Waco arts and cultural supporters have long touted the value of their organizations and their impact on Waco, and now, thanks to a national arts survey, there’s a dollar figure attached: $63,690,791 annually to the local economy.
The figure comes from Americans for the Arts’ national Arts & Economic Prosperity 5 survey conducted last year with 341 participating organizations, and the breakout of Waco data from the survey surprised even some ardent local arts advocates.
“That is amazing,” Creative Waco executive director Fiona Bond said.
Bond said the $63.7 million impact is about twice what was expected for a community of Waco’s size. She shared survey results with members of Waco’s Arts Alliance and the Museum Association of Waco on Tuesday. Creative Waco was the sponsoring partner for the Waco study.
The survey was the first by Americans for the Arts that Waco arts and cultural organizations have participated in, with 29 of 34 eligible groups taking part and 1,164 surveys returned by people attending various Waco arts events or visiting museums in 2016. Participating organizations also submitted information on their 2015 budgets to allow comparison of fiscal years.
Based on the data, the organization found that, of the $63.7 million spent on the arts in the local economy, $31.4 million came from organizations and $32.3 million came from audiences.
That translated into the equivalent of 2,184 full-time jobs and some $7.4 million in state and local taxes.
Nationally, the survey found the nonprofit arts and cultural organizations in America had an economic impact of $166.3 billion.
The survey also looked at the average amount of money spent by people attending Waco concerts, festivals, plays and other arts events, both by local and out-of-town visitors. Attendees spent an average of $24.74 per event on food, souvenirs, transportation and lodging. Ticket prices were not included in that figure, nor was admission to for-profit businesses such as movie theaters or individual performances.
While food and drink were the largest expenditures for arts attendees outside of overnight lodging, the amount spent by both local and nonresident attendees was below national averages. Waco residents at arts-related events spent an average of $5.78, compared to a national average of $10.53, and nonresidents spent an average of $11.69 locally, compared to a $15.90 national average.
Bond said the lower Waco average might be because of a lower cost of living compared to larger cities and a lack of restaurants or food vendors near some arts and cultural sites.
Roughly 20 percent of out-of-town attendees spent the night in Waco, with lodging boosting that group’s event-related spending to an average of $145.96. Bond told her audience of arts and museum leaders that one challenge would be to increase the number of visitors spending the night in Waco.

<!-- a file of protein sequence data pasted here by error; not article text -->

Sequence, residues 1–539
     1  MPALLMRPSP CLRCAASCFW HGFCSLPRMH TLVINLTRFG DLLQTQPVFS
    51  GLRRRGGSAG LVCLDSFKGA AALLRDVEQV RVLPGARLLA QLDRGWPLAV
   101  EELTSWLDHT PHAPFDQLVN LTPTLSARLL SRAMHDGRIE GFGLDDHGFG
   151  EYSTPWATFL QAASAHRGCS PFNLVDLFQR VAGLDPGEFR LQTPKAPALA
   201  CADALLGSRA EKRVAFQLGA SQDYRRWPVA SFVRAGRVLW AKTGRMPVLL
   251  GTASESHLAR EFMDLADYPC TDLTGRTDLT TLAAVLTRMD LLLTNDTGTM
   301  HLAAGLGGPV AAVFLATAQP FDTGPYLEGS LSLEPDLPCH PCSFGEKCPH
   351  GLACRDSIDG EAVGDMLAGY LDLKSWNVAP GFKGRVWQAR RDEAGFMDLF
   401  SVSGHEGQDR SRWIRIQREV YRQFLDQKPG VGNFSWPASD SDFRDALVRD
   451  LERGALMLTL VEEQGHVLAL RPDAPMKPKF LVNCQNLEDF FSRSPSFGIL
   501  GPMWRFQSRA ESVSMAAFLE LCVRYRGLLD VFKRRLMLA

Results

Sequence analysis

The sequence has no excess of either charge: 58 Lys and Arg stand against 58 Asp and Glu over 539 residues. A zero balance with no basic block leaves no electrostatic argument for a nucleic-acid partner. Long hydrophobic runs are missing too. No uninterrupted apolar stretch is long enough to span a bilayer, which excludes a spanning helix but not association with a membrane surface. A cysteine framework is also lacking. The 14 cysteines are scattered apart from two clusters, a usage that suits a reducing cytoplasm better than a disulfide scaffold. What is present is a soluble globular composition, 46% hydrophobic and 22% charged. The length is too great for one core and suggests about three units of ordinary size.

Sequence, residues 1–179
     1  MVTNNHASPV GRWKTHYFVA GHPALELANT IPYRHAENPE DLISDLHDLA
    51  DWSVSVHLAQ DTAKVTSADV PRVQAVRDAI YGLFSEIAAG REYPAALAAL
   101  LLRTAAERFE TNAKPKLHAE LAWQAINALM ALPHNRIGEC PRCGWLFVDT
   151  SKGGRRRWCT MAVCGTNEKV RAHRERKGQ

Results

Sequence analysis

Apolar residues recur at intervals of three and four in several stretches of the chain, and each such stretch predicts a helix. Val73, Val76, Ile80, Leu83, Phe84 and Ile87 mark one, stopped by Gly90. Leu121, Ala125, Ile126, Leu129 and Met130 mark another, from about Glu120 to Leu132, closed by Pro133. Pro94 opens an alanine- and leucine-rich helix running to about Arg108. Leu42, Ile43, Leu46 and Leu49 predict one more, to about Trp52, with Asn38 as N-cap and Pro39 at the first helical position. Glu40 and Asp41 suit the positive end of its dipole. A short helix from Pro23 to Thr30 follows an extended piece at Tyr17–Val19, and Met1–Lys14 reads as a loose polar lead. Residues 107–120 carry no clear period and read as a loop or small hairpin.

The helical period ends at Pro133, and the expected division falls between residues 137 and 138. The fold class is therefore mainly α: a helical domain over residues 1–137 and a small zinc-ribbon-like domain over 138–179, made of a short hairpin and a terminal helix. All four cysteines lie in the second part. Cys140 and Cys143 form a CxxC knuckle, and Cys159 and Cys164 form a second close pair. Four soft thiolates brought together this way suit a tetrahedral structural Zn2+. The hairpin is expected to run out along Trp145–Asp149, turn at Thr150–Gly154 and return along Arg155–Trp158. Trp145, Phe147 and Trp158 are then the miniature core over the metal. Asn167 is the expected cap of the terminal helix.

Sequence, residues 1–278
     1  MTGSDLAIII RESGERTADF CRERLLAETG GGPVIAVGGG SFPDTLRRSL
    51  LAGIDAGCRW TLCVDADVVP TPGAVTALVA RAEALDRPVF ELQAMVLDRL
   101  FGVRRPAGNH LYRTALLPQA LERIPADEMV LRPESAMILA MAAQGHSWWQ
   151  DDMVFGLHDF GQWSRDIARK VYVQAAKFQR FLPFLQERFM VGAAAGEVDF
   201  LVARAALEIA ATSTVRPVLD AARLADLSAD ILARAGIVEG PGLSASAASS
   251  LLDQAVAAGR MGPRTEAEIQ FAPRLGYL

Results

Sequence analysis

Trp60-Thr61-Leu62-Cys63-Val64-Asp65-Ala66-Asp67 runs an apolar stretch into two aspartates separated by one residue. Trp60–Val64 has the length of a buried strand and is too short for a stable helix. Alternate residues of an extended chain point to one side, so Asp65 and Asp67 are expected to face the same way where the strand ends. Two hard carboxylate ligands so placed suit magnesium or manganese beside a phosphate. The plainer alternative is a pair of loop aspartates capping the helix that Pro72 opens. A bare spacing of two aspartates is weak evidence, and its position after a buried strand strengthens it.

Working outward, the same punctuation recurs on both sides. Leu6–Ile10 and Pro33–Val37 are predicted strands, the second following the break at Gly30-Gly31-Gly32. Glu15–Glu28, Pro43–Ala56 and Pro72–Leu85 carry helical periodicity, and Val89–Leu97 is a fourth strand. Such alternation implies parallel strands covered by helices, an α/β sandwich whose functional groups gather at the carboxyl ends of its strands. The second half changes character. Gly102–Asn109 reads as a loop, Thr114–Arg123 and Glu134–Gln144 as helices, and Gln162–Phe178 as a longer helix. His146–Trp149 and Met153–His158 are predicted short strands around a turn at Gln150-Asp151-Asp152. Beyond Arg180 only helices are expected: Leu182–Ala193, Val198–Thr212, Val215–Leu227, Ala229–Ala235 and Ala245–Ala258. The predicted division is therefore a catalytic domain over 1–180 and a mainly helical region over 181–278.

Because the survey used data from 2015 arts budgets, it doesn’t reflect the full impact of the “Magnolia effect,” including the 20,000 to 30,000 visitors drawn weekly to the Magnolia Market at the Silos, Bond said.
Carla Pendergraft, marketing director for the Waco Convention Center, told the arts and museum officials that attendance at Waco museums and cultural sites rose to about 800,000 in 2015 after years of averaging between 500,000 and 600,000 visitors. Last year, that number jumped to 1.9 million, boosted by increasing traffic to the Silos. Attendance this spring puts the city on track for a record 2.6 million visitors, she said.
Some of those out-of-town visitors also were stopping at Waco cultural venues and tourist attractions.
Pendergraft attributed 1.5 million of the projected 2.6 million Waco visitors to Magnolia Market, noting that the remainder still showed continued growth over the last few years.
With Magnolia traffic continuing to increase, Waco museums and arts organizations could expect even more visitors this year. Pendergraft compared her 2017 attendance projections built from spring numbers to 2015 attendance figures, the ones used in the survey, and found some impressive increases over the two-year period: 63 percent for the Cameron Park Zoo, 46 percent for the Waco Civic Theatre, 113 percent for the Dr Pepper Museum, 134 percent for Art Center of Waco and a whopping 245 percent for the Waco Mammoth National Monument.
“We’re in the middle of a phenomenon,” Pendergraft said. “It’s a wonderful time.”
Eight of Waco’s largest museums and the Cameron Park Zoo had compiled an economic impact list of their own from last year, said Charlie Walter, executive director of the Mayborn Museum and president of the Museum Association of Waco.
That informal survey found a collective budget of $12 million, 125 full-time and 89 part-time staff, and a total attendance of 731,666 visitors, nearly three times McLennan County’s population, with about 60 percent of those visitors coming from out-of-town.
“We’re doing a lot to bring visitors to this county,” Walter said. “The museum community is definitely a strong, vibrant part of this community.”